Magnetic Single Shot
The magnetic single shot was first used in the 1930’s for measuring the inclination and direction of a well.
The instrument consists of 3 sections:
- An angle unit consisting of a magnetic compass and an inclination measuring device.
- A camera section
- A timing device or motion sensor unit
The angle unit of the tool consists of a magnetic compass and a plumb bob (Figures 1, 2 & 3). When the tool is in the correct position (near the bit) the compass is allowed to rotate until it aligns itself with the Earth’s magnetic field. The plumb bob hangs in the vertical position irrespective of how the instrument may be deviated in the hole.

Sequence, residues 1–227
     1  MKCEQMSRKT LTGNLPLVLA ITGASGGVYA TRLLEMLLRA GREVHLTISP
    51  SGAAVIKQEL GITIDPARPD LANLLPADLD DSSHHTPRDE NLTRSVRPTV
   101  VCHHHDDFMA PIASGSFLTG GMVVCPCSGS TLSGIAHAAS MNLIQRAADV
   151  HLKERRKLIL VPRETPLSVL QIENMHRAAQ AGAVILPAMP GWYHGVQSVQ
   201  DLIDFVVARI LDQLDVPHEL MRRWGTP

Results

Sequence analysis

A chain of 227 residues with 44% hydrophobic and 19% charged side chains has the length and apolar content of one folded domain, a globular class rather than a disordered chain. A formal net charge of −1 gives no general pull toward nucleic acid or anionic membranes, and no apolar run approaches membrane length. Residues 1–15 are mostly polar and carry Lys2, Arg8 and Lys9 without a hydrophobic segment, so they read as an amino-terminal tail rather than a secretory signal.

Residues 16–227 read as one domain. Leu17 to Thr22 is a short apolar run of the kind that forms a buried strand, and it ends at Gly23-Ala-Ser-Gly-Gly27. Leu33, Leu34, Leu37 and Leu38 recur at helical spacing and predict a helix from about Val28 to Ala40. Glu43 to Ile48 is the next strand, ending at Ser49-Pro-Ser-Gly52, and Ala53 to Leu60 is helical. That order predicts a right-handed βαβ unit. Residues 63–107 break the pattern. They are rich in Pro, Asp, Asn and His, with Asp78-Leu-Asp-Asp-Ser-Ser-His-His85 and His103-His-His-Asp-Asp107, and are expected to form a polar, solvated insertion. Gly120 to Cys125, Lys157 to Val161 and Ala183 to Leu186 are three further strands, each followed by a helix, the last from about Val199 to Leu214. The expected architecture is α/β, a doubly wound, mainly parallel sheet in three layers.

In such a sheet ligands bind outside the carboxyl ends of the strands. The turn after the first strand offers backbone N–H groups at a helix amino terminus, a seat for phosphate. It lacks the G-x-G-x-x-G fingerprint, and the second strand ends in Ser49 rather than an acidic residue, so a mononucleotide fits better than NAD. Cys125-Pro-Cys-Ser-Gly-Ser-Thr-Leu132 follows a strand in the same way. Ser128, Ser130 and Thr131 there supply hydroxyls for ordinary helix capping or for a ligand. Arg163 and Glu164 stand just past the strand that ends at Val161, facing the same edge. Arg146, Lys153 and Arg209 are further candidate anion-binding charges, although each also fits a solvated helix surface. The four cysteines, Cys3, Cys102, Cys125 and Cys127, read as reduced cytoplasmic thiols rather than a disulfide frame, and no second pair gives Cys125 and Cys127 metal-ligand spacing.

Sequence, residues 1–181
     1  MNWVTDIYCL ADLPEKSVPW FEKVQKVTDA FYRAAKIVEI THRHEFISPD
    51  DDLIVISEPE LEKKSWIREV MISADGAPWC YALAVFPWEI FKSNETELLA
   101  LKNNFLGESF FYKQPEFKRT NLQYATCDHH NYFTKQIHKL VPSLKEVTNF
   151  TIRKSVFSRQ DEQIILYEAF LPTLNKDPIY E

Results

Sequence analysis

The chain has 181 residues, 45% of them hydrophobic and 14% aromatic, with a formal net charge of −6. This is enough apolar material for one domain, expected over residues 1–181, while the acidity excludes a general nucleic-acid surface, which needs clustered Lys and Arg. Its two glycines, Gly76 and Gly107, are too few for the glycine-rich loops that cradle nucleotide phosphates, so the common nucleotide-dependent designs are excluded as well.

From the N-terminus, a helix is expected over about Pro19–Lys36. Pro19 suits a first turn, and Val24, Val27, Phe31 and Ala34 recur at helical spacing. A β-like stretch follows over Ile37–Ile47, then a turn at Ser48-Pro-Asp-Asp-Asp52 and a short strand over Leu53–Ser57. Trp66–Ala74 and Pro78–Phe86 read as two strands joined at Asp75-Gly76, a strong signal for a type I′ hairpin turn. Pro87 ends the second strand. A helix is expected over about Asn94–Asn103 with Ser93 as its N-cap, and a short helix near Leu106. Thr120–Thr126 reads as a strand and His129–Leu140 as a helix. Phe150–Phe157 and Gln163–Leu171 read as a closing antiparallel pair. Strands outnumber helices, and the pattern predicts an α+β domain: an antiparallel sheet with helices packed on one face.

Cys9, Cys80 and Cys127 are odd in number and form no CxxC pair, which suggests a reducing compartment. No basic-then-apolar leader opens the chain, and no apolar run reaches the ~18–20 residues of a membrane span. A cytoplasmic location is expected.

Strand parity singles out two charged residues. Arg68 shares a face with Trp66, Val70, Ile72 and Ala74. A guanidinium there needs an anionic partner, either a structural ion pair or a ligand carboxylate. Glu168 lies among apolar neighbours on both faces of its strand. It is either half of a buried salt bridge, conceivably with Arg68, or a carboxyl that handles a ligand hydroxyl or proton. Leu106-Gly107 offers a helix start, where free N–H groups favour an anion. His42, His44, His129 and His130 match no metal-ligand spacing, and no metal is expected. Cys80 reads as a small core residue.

|Fig 1: Magnetic Single Shot|
|Fig 2 : Angle Area|
The camera consists of a photographic disc, which is mounted in the tool in a lightproof loading device, a set of bulbs which are used to illuminate the angle unit, when required, and a battery unit, which provides power to the light bulbs.
The timing device is used to operate the light bulbs when the instrument is in the correct position. The surveyor must estimate the time required to lower the instrument into position and set the timer accordingly.
Since it is sometimes difficult to estimate the time required for the tool to reach the bit, more modern instruments use a Motion sensor unit. This electronic device will illuminate the light bulbs when the instrument stops moving. When the light bulbs are illuminated a photograph image of the plumb bob is superimposed on the compass card as shown in Figure 4.
|Fig 3 : Magnetic Single Shot Instrument|
|Fig 4 : Examples of Compass Displays|